The Blue Angels' iconic C-130 transport, better known as Fat Albert, has been in the news a lot lately following the loss of Blue Angel #6, Captain Jeff Kuss. The blue, gold, and white Hercules even flew Kuss’s body over the team’s home town of Pensacola, Florida, with Blue Angel #5 off its wing following the tragic crash in Tennessee.
Fat Albert has never been shy when it comes to performing for the public; it flies its own demo at every Blue Angels show site, and it's very impressive. Part of that display includes a takeoff and a low, high-speed transition followed by a triumphant climb. The video below provides an awesome perspective on what this looks like head-on:
Before the low transition and steep climb was introduced as the primary opening maneuver for Fat Albert’s demonstration, a Jet Assisted Take-Off (JATO, also known as RATO for Rocket) departure was performed. This was a favorite for spectators, especially during evening shows, as it was a fireworks display unto itself.
Each of the eight JATO bottles put out about 1,000 pounds of thrust on ignition, allowing Fat Albert to takeoff in a laughably small amount of distance, and reaching a 45-degree angle of ascent as it clawed its way skyward.
Stockpiles of JATO bottles were running low in the 2000s, and by 2010 the Blue Angels had to retire this exciting portion of their act as the bottles were no longer in production. Israel still retains JATO capabilities for its C-130s, and bottles could have potentially been bought from them for Fat Albert’s act, but the cost was deemed prohibitive. JATO is also still used today for C-130 operations in the snowy and icy polar regions.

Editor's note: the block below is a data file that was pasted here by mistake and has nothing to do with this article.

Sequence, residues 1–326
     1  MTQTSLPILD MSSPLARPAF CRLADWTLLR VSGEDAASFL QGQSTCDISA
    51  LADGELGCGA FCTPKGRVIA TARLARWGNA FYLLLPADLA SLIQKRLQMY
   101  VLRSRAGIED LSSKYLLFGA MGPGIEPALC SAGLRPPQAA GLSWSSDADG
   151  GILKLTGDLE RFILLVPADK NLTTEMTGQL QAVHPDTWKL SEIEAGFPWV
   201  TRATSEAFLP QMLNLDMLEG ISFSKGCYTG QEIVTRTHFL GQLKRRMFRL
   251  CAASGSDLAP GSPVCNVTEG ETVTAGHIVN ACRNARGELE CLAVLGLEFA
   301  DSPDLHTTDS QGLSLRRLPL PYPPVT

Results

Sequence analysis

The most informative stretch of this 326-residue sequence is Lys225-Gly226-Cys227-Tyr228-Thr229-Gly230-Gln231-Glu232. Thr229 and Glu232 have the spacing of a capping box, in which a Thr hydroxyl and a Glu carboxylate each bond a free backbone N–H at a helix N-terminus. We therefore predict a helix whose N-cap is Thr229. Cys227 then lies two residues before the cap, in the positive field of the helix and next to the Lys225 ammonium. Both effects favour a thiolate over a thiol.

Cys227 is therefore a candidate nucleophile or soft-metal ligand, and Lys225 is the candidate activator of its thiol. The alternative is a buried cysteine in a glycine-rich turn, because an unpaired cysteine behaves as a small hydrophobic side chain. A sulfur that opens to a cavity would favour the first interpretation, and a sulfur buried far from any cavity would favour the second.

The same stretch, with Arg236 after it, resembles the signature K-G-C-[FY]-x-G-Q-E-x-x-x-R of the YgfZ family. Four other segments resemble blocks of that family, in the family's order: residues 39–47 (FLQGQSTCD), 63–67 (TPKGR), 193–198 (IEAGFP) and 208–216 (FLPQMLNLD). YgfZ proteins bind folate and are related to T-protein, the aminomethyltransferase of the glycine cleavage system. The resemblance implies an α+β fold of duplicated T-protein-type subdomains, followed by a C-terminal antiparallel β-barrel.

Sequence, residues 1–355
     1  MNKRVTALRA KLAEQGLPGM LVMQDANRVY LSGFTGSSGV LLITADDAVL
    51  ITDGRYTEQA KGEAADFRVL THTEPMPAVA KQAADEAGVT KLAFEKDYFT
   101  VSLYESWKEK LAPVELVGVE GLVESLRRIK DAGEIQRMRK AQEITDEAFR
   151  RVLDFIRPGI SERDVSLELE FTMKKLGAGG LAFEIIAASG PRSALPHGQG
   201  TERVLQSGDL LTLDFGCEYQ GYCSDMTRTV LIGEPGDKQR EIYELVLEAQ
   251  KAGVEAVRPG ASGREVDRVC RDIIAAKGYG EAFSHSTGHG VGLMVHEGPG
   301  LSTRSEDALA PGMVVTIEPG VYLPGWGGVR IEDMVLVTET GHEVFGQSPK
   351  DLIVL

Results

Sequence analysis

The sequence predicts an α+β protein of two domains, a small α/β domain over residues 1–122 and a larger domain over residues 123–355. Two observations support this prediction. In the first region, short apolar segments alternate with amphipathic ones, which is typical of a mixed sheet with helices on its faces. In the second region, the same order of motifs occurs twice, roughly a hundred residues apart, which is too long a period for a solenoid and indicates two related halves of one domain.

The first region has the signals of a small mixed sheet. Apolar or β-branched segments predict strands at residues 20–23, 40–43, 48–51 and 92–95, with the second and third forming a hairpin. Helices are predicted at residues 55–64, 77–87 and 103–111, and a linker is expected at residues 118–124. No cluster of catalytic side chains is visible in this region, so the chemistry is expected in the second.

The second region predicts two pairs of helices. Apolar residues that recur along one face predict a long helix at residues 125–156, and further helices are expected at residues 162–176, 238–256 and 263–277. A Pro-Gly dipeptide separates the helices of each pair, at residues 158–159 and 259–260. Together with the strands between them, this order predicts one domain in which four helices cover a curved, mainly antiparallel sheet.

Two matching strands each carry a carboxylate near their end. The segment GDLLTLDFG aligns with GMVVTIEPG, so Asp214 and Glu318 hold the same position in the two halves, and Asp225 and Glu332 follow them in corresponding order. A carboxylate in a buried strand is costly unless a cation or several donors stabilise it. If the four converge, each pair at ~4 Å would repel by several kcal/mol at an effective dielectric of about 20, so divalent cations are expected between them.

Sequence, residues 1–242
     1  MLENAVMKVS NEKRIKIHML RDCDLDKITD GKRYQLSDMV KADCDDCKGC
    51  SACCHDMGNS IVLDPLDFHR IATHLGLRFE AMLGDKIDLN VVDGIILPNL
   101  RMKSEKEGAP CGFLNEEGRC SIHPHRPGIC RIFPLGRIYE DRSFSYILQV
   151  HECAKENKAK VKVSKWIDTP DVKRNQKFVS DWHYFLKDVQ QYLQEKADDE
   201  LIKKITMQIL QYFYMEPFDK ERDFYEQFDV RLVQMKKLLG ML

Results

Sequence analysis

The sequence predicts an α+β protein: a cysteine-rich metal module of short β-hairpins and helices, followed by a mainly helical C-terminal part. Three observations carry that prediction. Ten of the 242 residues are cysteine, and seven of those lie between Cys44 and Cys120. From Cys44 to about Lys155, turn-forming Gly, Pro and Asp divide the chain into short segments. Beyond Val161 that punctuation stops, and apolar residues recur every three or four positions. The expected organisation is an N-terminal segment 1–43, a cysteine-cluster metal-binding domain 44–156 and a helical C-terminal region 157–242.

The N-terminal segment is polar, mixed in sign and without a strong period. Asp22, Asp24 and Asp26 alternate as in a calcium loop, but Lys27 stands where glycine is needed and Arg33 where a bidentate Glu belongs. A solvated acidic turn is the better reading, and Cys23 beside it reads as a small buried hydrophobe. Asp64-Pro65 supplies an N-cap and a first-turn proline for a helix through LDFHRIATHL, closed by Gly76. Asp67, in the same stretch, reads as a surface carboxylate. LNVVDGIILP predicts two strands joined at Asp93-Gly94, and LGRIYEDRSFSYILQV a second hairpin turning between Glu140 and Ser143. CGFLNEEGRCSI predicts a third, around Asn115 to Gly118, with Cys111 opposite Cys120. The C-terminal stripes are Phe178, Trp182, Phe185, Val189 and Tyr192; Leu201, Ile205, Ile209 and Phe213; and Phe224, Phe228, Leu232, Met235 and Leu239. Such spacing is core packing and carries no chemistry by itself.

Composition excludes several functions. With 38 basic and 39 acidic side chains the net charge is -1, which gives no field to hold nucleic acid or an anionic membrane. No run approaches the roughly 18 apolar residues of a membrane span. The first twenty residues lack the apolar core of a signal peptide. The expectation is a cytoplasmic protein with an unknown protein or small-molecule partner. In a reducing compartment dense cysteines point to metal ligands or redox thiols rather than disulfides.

The more nimble KC-130J that the Marines fly today is supposedly capable of nearly the same climbing display as the legacy Hercules with JATO bottles attached. If the Blue Angels get equipped with one of these newer and much improved “Herky Birds,” Fat Albert would be able to show off this increased performance in a particularly awesome fashion.
Even without JATO, Fat Albert puts on a hell of a show, and part of that show is for the guests riding inside while the demonstration is underway, who get to experience some pretty sweet zero-g floating time when the pilot pushes the nose over:
Fat Albert's flying display is so dynamic that even getting the big Hercules back on the ground following the nose-dive Khe Sanh approach can be a challenge, as seen in this video:
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